This design is for a plot along the Kikuxi irrigation canal in the Luanda region of Angola. The client requested a plan that would allow the site to be used for the production of a range of organic fruits and vegetables.
The site lies on 75m above sea level The prevailing climate in Luanda is known as a local steppe climate. During the year there is little rainfall. This location is classified as BSh by Köppen and Geiger. The average temperature in Luanda is 24.4 °C | 75.9 °F. In a year, the rainfall is around 405mm but the variability is amongst the highest in the world, with variation of above 40%.
The climate is warm to hot but surprisingly dry, owing to the cool Benguela Current, which prevents moisture from easily condensing into rain. Frequent fog prevents temperatures from falling at night even during the completely dry months from May to October. The short rainy season in March and April depends on a northerly counter current bringing moisture to the area: it has been shown clearly that weakness in the Benguela Current can increase rainfall about sixfold compared with years when that current is strong. Soil is sandy and dry. Naturally, this is a savannah type landscape.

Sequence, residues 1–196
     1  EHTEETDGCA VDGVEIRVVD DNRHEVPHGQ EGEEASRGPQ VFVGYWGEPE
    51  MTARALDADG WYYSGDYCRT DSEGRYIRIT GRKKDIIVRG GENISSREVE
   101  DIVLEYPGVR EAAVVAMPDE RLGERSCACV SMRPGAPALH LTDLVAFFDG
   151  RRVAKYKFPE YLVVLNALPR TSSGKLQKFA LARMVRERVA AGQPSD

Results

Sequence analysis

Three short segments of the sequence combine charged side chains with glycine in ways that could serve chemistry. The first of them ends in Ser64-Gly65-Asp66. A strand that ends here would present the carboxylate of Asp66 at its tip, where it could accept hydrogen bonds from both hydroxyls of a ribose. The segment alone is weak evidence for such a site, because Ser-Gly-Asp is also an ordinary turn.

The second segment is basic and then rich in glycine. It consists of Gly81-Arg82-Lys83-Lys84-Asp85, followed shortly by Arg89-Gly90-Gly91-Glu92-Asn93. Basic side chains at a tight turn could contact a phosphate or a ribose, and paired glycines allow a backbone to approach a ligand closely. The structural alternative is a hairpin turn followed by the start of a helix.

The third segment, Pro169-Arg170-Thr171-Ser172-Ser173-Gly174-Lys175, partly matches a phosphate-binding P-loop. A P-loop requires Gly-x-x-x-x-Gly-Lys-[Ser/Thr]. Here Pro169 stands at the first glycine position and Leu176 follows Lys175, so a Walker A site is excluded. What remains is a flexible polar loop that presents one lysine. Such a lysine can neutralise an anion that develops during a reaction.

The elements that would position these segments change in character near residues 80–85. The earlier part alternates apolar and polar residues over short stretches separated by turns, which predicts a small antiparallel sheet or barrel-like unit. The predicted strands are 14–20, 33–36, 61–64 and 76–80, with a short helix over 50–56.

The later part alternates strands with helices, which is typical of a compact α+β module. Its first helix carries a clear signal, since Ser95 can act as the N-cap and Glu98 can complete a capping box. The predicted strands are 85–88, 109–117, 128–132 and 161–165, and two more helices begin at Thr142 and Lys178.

I have suggested that the site be divided into a series of ten fields, which will be managed for the cultivation of crops – with polyculture planting and crop rotation. These fields will be divided by shelter belts of more drought tolerant trees and shrubs, with plenty of species native to the region. Of course, within the delivered plan, I have included suggestions for plant choices.
The primary goals for this site will be to improve existing soil and minimise water use, while maximising the yield of fruits, vegetables and other food crops that can be grown organically.
The role of these field borders or hedgerows is to provide some shade, sources of vegetative matter for maintenance of fertility and soil improvement. Though they will also provide additional yields and be beneficial for native wildlife.
The fields should be created by making rows of organic matter, with layers of carbon rich and nitrogen rich materials. (No till system). (A composting system should be quickly implemented to generate material to build and improve the soil over time.)
Before the annual crops shown in the plans above are planted, I have recommended sowing leguminous cover crops to improve the soil. (Pigeon peas, cow peas, beans etc..) These should be chopped and dropped before main annual production begins in each field.